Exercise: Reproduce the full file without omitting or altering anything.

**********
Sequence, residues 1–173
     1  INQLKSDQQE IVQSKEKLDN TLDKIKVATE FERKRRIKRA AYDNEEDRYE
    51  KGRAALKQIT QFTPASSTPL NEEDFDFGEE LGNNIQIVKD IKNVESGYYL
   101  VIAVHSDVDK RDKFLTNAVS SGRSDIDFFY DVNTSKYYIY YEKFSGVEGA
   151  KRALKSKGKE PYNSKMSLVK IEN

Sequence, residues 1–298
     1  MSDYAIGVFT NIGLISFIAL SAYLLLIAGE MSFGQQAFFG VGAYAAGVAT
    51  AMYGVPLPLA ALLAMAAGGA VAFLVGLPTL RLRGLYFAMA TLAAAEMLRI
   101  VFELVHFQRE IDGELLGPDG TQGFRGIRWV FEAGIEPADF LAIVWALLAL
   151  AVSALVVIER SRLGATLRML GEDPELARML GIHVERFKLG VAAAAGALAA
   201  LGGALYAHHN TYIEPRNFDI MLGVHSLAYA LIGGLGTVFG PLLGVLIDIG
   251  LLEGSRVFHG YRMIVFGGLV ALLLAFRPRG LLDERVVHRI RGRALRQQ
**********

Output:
Sequence, residues 1–173
     1  INQLKSDQQE IVQSKEKLDN TLDKIKVATE FERKRRIKRA AYDNEEDRYE
    51  KGRAALKQIT QFTPASSTPL NEEDFDFGEE LGNNIQIVKD IKNVESGYYL
   101  VIAVHSDVDK RDKFLTNAVS SGRSDIDFFY DVNTSKYYIY YEKFSGVEGA
   151  KRALKSKGKE PYNSKMSLVK IEN

Sequence, residues 1–298
     1  MSDYAIGVFT NIGLISFIAL SAYLLLIAGE MSFGQQAFFG VGAYAAGVAT
    51  AMYGVPLPLA ALLAMAAGGA VAFLVGLPTL RLRGLYFAMA TLAAAEMLRI
   101  VFELVHFQRE IDGELLGPDG TQGFRGIRWV FEAGIEPADF LAIVWALLAL
   151  AVSALVVIER SRLGATLRML GEDPELARML GIHVERFKLG VAAAAGALAA
   201  LGGALYAHHN TYIEPRNFDI MLGVHSLAYA LIGGLGTVFG PLLGVLIDIG
   251  LLEGSRVFHG YRMIVFGGLV ALLLAFRPRG LLDERVVHRI RGRALRQQ